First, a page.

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I have a database that has two tables, one of which contains a foreign key back to the first. Similar to this:

Table1
    id
    description
    some
    other
    information

Table2
    table1ID
    Some
    other
    information

For each table1 there can be any number of entries in table2. I need to create a form that allows users to insert new items into tables 1 and 2. I've run into this issue in a number of projects. In one, it's saving role playing game stats. Table1 is the vehicles table and Table2 holds information on each of the vehicle's weapons.

I can think of two ways to handle this. One is to show all the information in one form, and use Javascript to allow users to add new sub-forms for each weapon as they need them. Then process it all at once. However, this is a little ugly and, obviously, relies on javascript. So it's not friendly to those who have javascript turned off.

The other way I can think of, would be to have multiple pages. The first page would allow the user to enter general data, then they could hit next to enter weapon data. Each time they hit next, they could enter a new weapon. Finally the fully entered vehicle would be displayed to them and they would be able to go back and edit each part of it as they so choose and, when they were ready, submit it.

On the one hand, this way requires a lot more processing than the first. It is much more involved. It would require that each step of the vehicle's creation be added to the database for temporary storage while the user worked on it. It would have to be marked as incomplete. I would have to create some sort of cron job to clean out all the incomplete vehicles.

On the other hand it uses no javascript.

Are there other ways of handling situations like this? If not, which of these two methods is considered the better practice? Is there a way to hang on to the data between form pages in the second method with out temporarily adding it to the db?

The tools I have available to me are a MySQL database, PHP, javascript, html/css (obviously), and a linux operating system.

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Virtually every modern site on the internet relies on Javascript. The days of accommodating people who turn off Javascript are past. –  Bill Karwin Nov 29 '09 at 19:38
    
@BillKarwin: It's illegal in some countries (including the UK) not to make your website accessible to all. –  Lightness Races in Orbit Mar 5 '11 at 19:25
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2 Answers

up vote 2 down vote accepted

What I would do is use javascript. From my point of view, not many people nowadays have javascript turned off.

But, if you choose not to use javascript, there is another way to avoid the extra overhead.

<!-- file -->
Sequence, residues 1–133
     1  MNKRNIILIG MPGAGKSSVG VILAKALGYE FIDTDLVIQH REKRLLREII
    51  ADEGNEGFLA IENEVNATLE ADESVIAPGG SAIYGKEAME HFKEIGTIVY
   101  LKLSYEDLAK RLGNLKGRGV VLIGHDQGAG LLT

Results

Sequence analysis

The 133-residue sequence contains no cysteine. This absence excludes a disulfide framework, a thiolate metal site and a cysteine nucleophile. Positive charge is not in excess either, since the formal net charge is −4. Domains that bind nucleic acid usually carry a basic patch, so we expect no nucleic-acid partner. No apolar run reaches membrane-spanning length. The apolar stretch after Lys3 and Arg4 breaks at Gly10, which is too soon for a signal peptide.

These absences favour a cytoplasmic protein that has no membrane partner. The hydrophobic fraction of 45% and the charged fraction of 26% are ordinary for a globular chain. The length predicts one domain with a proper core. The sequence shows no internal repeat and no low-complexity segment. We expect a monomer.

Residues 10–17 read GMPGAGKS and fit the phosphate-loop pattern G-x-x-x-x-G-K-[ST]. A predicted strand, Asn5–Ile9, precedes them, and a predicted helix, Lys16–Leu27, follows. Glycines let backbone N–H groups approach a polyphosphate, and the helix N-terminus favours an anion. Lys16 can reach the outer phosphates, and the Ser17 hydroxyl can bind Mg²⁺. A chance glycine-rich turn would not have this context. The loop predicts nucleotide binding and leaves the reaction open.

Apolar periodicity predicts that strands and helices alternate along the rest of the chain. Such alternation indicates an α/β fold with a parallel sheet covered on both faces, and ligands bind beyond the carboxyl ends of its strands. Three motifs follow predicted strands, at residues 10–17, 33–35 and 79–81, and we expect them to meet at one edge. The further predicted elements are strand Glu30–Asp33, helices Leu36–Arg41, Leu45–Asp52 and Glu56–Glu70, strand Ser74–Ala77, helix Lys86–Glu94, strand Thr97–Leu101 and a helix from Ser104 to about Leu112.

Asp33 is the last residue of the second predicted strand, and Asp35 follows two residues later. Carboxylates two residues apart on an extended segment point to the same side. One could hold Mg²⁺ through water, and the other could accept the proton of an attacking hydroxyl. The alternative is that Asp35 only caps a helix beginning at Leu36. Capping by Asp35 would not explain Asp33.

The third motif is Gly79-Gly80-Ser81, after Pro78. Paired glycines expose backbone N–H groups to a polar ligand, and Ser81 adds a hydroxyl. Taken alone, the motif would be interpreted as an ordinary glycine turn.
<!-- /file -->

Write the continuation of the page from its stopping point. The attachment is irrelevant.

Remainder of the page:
You could try to store the second table resultset in a session or cookie.

Let's face the facts, HTTP doesn't have great data persistence capabilities.

Good luck!

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Sessions and cookies are the way to go for semi-temporary data than can be easily re-fetched if necessary. For more sensitive data, you might want to create a DB dedicated to storing sensitive temporary data. Heck, you can even override the session_save_handler to save session data to the DB. –  Jacob Relkin Nov 29 '09 at 18:41
    
I was pondering sessions or cookies, however, there is often an awful lot of data when I encounter this situation. How much over head is involved in using sessions or cookies for data persistence? –  Daniel Bingham Nov 29 '09 at 18:42
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Most stats I have seen put JavaScript available in over 95% of browsers. I usually figure that if I am going to use JavaScript to do something helpful, like add functionality, that I can just put a message in a noscript tag asking that they enable scripting for the site. –  Frank DeRosa Nov 29 '09 at 18:47
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Not much at all. Sessions are stored in memory, where the DB is a full-blown I/O op. Then again, if you're storing large amounts of data, i would actually go with the unload-reload option. It's too much data to fetch in one page, thereby slowing down the load. Break it up, and the user will thank you. –  Jacob Relkin Nov 29 '09 at 18:50
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@Frank, I absolutely agree. I even think about it this way: Force the user to use JavaScript, and all the other goodies ( Flash and the like ). It's almost 2010! There's no excuse for not having a fully compatible browser! –  Jacob Relkin Nov 29 '09 at 18:52
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I would just use JavaScript. Just like compiled applications, it is completely practical to require that the user's system meets minimum requirements, this includes JavaScript, Flash, etc. if necessary.

That said, if you're market is largely the paranoid and Lynx users, then you should consider an alternative.

If you need to store temporary data, I would not put it in the database. Instead, this is a great place to use sessions. If your only option is to store temporary data in a database table (sessions are unavailable in some environments), then I would suggest storing all that temporary data in a table separate from your real data, and using MySQL's memory table engine for that temporary table.

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